Kansas State Penitentiary
Leavenworth County, Kansas
December 4, 1878
“You’ve served your time, McAllister. You’re free to go.”
Clay McAllister shivered as the iron gates clanged
shut behind him. The December cold cut to his bones. His cheap prison-issue coat
was too thin for the weather, but it would have to do until he got back to
Back home—if he still had a home.
A lot of could change in three years, Clay knew.
His wife hadn’t written to him once. The only thing he’d received from her were
his own unopened letters, with a terse “Return to Sender” penned on each
envelope. The returned letters had told him, at least, that she was still living
on the ranch. But they answered none of his other questions.
Why was Elise so angry? Didn’t she know what had
happened to him?
What in hell’s name had gone wrong?
The memory of that awful night still darkened
Clay’s dreams. He and his eighteen-year-old brother Buck had driven a thousand
head of longhorn cattle up the trail to Abilene. After selling them for top
dollar, they’d paid off the hired vaqueros and set out for an evening of
celebration. A bath, a good meal and a couple of drinks had been enough for
Clay. With the cash in the hotel safe, he’d retired early to rest up for the
He’d drifted off to sleep with a smile on his
face. The money from the cattle sale—almost $20,000—would pay off the debts on
the ranch and give them a good start for next year. It would also buy the new
furniture Elise had been wanting, as well as clothes and toys for their
two-year-old boy, Toby. They’d been living on the ragged edge of poverty for so
long. What a pleasure it would be to buy nice things for his wife and child.
Sometime after midnight he’d awakened to discover
that Buck’s bed was empty. His brother hadn’t returned to the hotel.
Worried, Clay had dressed and gone out looking for
him. Buck was a strapping lad, able to do a man’s work on the trail. But at
eighteen he had a lot to learn. Abilene was as rough as any cow town on the map,
a place where a young man could get into no end of trouble. As he searched the
saloons and gambling dens and checked the drunks passed out on the boardwalk,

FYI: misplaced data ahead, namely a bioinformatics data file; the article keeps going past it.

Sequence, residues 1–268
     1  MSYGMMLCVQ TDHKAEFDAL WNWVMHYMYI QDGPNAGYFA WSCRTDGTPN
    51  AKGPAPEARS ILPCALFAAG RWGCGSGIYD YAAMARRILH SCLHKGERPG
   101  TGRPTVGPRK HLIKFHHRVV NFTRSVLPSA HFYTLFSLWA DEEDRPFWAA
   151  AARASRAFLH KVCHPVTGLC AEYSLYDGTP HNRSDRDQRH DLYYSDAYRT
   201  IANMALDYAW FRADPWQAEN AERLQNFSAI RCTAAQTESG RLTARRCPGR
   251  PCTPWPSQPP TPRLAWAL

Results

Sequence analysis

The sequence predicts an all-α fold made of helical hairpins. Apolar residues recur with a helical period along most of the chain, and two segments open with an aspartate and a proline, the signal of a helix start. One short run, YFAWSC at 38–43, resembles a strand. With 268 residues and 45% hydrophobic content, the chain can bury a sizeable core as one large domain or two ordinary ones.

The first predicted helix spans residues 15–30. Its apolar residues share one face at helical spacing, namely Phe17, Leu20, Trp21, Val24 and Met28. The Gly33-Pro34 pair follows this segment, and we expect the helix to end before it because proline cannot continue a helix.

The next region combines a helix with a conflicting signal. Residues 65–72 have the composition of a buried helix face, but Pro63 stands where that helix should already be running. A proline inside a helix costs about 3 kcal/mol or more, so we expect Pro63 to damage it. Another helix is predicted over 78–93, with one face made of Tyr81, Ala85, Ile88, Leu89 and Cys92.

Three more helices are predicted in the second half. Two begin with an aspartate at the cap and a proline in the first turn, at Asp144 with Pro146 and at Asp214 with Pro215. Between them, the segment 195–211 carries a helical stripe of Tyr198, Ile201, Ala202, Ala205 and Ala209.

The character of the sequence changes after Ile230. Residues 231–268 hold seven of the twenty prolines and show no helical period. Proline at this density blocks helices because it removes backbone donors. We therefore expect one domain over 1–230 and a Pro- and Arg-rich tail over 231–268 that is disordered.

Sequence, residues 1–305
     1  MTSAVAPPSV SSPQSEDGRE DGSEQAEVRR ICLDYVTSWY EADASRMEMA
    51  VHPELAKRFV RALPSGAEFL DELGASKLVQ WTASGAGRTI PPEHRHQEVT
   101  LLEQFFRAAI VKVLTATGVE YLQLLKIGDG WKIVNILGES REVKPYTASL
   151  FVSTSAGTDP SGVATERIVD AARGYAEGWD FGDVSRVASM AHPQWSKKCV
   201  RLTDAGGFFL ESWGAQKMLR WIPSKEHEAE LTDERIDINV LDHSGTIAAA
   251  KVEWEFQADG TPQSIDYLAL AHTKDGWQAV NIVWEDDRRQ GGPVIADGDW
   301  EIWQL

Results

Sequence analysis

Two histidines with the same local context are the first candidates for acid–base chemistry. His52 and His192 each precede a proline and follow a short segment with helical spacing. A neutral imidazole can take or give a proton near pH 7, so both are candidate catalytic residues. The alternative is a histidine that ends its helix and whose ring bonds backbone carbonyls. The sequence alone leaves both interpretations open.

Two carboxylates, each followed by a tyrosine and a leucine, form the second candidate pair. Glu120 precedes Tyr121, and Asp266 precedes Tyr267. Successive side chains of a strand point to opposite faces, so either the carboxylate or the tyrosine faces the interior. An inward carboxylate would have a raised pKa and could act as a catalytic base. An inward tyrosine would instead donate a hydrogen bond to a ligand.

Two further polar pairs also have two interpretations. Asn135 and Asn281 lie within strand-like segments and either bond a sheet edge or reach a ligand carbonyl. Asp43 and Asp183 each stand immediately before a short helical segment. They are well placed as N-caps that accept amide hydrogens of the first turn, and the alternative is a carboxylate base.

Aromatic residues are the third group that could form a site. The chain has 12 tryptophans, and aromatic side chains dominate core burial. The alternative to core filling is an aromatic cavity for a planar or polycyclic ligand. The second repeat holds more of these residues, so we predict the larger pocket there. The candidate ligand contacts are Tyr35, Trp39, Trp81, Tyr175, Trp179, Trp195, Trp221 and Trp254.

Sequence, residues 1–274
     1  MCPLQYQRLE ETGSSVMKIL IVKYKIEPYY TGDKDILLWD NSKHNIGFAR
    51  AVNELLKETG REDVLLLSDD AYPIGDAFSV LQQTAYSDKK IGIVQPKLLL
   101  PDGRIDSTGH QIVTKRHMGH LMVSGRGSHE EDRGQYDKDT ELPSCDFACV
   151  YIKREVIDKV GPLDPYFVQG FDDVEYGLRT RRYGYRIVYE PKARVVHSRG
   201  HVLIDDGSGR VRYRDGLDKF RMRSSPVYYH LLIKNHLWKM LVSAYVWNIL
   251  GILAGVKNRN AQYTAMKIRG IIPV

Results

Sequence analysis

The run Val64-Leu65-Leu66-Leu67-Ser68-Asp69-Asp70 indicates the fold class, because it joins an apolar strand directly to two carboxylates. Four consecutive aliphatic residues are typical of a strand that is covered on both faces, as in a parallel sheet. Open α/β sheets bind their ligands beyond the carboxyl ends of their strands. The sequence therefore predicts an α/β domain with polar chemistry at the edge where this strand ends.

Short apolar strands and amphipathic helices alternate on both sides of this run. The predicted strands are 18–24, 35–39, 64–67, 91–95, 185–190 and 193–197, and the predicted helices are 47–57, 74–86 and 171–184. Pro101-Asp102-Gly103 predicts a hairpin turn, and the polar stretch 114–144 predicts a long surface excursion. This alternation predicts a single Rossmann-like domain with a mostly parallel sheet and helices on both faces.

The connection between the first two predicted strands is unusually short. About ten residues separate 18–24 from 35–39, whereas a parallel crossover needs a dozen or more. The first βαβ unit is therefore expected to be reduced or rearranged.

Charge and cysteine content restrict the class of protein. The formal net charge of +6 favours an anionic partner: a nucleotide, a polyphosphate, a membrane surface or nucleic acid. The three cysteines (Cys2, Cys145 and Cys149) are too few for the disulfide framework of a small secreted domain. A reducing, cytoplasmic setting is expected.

Clay had lashed himself for leaving Buck on his own. If anything had happened to
the boy, he would never forgive himself.
He’d lost track of the time it took to work his
way toward the far end of the street. Here, even at this late hour, the
discreetly shuttered houses swarmed with activity. Half-opened doorways offered
glimpses of seductively clad women. Raucous female laughter and the notes of a
tinny piano drifted through the darkness.
Damn him! Clay didn’t relish the thought of
dragging Buck out of a whorehouse. But he was getting worried—and angry. He’d
raised his kid brother after their parents died, and he’d tried to teach him
decent values. But it appeared that the lessons hadn’t taken. When he found the
young whelp, by heaven, Buck was going to get the tongue lashing of his life!
He was mounting the steps of the first house when
he heard the commotion. Upstairs, in the place across the street, a fight had
broken out. Glass shattered as a chair smashed through a window. Shouts and
screams erupted in the night, accompanied by the sound of crashing furniture and
Thinking only of his brother, Clay plunged across
the street, shoved his way inside and charged up the stairs. By then the whole
place had become a melee of shrieking women and their scrambling customers. In a
lamplit room at the end of the hall he found Buck, half dressed and fighting off
three men. A tired-looking redhead, her makeup smeared, cringed in a corner,
clutching a sheet against her body.
One of the men, a stocky, fellow in a checkered
suit, had drawn a hidden knife. The blade flashed as he made a lunge for Buck.
Reacting instinctively, Clay seized a cast iron boot jack and swung it against
the man’s head. The man sagged to the floor, collapsing without a sound.
Seconds passed before someone realized he wasn’t
A sudden hush fell over the room. Rough hands
seized Clay from behind, holding him fast. Before they dragged him away, Clay
managed to mouth a few words to his brother.
“Get out of here, Buck. Take the cash from the
hotel and ride for all you’re worth. Give the money to Elise and tell her what
happened. I’ll come as soon as I can.”
His trial was speedy. Under different
circumstances Clay might have gone free on the grounds of defending his brother.
But the man he’d struck down was a city councilman, and the town was screaming
for justice. With a verdict of manslaughter, he was sentenced to serve five
years in the state penitentiary. Good behavior had gotten him out in a little
more than three.
Clay had never learned what the fight was about.
And he’d never heard from Buck again.
Now, mounted on an aging buckskin horse that was
all he could afford, Clay headed through swirling snow—south by southwest, along
the empty cattle trails to the high Texas plains he called home.
With luck, he would be there by Christmas.
2009; Harlequin Historicals, ISBN #
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